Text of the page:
Winter Solstice occurs on around Friday 21st December every year in the Northern Hemisphere. When the sun reaches the lowest point in the sky – we are able to welcome back the light and the rebirth of the sun.
There is a Summer and a Winter Solstice every year. The summer Solstice occurs on around the 21st June, in the Northern hemisphere. The Solstices are very auspicious and symbolic events, which held a lot of importance for the ancients. The Latin word Solstice means ‘sun stand still’. At the pinnacle of the Solstice, when the sun is at its highest or lowest point in the sky, the sun does appear to be still in the sky and the energy feels magical.
In ancient times – people were deeply connected and aligned to nature and her elements. They understood nature’s cycles and the spiritual and energetic significance behind them.
During the Winter Solstice, we are letting go of the old year and celebrating the birth of a new one. In ancient times, some feared the light would not return! Vigils and rituals were performed; homes were decorated with holly, ivy, mistletoe and pine cones, etc. to bring in and welcome the elements and nature. Log fires and candles were lit to represent the return of light.
Many ancient cultures, for example, the Mayans, Essenes, Druids and Egyptians, understood the spiritual significance of the Solstices.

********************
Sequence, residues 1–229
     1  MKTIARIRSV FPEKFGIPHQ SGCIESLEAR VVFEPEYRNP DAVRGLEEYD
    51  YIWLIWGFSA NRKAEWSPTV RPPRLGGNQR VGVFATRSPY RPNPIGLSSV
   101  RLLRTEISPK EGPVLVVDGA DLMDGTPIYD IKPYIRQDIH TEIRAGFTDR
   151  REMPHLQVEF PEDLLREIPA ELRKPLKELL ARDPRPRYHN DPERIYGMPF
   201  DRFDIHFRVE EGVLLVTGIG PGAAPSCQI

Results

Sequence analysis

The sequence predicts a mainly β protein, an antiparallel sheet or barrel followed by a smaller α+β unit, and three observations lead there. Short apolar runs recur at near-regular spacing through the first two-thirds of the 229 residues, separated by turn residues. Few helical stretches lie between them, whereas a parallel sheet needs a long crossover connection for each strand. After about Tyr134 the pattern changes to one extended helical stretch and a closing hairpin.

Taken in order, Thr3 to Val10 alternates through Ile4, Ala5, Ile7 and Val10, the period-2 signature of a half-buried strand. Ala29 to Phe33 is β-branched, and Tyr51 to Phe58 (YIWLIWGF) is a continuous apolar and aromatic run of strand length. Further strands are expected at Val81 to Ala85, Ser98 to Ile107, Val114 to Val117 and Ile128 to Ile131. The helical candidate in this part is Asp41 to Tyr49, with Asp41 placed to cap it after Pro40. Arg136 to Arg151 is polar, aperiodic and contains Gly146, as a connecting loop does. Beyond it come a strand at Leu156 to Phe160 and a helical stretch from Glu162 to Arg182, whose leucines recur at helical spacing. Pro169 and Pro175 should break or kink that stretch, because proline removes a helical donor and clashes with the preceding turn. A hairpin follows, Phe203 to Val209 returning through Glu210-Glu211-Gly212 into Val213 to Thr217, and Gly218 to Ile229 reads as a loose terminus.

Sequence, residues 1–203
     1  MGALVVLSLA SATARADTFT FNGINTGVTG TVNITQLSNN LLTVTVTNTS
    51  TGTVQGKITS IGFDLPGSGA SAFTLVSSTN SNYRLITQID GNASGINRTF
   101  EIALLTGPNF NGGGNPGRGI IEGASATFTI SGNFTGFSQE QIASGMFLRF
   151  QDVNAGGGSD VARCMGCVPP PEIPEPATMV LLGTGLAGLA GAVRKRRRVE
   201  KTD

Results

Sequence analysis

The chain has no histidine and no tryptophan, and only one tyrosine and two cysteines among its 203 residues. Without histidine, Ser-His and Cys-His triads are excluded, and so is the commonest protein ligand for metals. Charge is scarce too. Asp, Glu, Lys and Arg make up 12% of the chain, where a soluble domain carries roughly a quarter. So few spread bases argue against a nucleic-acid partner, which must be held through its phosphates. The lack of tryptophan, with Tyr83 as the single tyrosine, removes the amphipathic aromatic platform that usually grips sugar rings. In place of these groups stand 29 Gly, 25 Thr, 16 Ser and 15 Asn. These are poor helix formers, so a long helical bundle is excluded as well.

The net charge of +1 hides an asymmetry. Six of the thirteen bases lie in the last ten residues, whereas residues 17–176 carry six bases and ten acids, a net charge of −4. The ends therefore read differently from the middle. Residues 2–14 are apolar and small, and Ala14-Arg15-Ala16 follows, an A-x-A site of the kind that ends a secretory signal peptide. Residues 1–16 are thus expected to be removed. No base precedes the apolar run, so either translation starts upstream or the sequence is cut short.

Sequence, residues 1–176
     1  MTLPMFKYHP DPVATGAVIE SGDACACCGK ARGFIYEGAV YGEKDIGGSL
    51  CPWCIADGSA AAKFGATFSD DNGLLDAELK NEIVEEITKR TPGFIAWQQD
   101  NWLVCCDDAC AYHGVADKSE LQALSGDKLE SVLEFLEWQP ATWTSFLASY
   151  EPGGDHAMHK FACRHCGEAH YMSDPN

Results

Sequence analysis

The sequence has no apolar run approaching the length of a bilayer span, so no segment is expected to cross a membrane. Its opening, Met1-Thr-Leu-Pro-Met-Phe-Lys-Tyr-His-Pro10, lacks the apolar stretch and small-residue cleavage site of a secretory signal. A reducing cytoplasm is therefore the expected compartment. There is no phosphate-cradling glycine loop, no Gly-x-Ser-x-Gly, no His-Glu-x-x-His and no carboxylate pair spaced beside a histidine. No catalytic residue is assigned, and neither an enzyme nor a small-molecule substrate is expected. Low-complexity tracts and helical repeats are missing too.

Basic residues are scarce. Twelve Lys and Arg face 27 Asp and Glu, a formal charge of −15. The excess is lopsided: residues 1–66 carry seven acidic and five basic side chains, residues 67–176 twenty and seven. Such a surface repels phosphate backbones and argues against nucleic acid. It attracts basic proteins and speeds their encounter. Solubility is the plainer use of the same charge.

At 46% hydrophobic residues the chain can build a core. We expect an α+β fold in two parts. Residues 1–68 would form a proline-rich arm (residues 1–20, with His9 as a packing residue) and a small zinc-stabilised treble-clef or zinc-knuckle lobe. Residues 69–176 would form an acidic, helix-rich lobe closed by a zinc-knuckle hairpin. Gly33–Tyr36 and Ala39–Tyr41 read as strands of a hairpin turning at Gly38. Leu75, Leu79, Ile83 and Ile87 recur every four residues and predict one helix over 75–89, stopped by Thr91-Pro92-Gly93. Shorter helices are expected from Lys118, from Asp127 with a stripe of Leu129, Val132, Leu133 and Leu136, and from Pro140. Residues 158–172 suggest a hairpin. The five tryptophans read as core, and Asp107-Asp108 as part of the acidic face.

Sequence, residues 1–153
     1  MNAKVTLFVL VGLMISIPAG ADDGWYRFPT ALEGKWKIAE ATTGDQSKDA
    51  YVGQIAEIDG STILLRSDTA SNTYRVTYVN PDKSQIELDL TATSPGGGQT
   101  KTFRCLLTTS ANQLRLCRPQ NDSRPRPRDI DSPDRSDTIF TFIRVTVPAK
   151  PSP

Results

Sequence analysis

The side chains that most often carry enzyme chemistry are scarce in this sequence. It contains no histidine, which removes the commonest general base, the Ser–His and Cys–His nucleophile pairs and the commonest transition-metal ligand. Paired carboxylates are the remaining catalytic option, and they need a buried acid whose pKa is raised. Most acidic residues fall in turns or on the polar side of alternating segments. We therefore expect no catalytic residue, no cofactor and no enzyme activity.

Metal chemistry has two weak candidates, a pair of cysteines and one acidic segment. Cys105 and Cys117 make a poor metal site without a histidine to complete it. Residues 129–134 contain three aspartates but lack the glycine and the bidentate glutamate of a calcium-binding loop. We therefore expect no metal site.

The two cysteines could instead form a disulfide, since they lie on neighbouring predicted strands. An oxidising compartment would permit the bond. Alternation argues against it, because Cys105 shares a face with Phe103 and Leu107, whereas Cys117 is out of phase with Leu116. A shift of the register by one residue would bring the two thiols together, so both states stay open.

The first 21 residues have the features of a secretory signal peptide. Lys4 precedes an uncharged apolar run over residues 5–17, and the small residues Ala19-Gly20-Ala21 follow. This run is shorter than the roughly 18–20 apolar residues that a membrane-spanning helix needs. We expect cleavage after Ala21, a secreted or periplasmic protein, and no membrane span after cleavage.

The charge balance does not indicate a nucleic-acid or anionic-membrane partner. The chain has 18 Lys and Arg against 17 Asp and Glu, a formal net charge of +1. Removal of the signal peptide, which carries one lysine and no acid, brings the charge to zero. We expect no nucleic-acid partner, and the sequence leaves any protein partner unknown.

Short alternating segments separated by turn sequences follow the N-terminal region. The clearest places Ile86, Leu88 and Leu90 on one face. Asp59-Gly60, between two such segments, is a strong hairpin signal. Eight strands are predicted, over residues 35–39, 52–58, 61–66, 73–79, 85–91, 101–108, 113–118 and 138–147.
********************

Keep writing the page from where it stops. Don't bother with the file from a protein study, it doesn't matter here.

They built many temples and structures that captured the sun’s divine alignment at these times. Sacred ceremonies were then held to celebrate the light. The head of the Sphinx between the Great Pyramids of Egypt is crowned with the sun at the pinnacle of the Summer Solstice.
Hundreds of sacred sites align with the Solstices: Glastonbury, Stonehenge, Avebury, Tara in Ireland, are but a few.
The Winter Solstice is linked to many religious and cultural festivals. Many significant religious and spiritual teachers are supposedly born near this date, which demonstrates the importance of the Solstices in ancient times.
The Summer Solstice represents abundance, growth, connection to source and honouring the divine within us and within each other.
The Winter Solstice is a quiet time of introspection and reflection on what has been and what will be. This ties in with our tradition of making New Year’s resolutions.
If you are drawn to celebrating the Winter Solstice this year, here are a few ideas to help you celebrate:
A Solstice Fire ceremony
- connect deeper to the Winter Solstice energies
· Create an alter in your home and decorate it with holly, ivy, pine cones and candles;
· Light a fire or candle;
· Spend a moment in a quiet space and go within, tuning into the heart.
· Be grateful for all the beautiful gifts and wonderful things you have achieved so far this year.
· Thank Spirit and the Universe for their loving support.
· Take a moment to reflect on the aspects of your life that need addressing or changing.
· Write these aspects on pieces of paper.
· Put them in the fire with the intent to let them go and welcome the new beginnings that the change will bring you.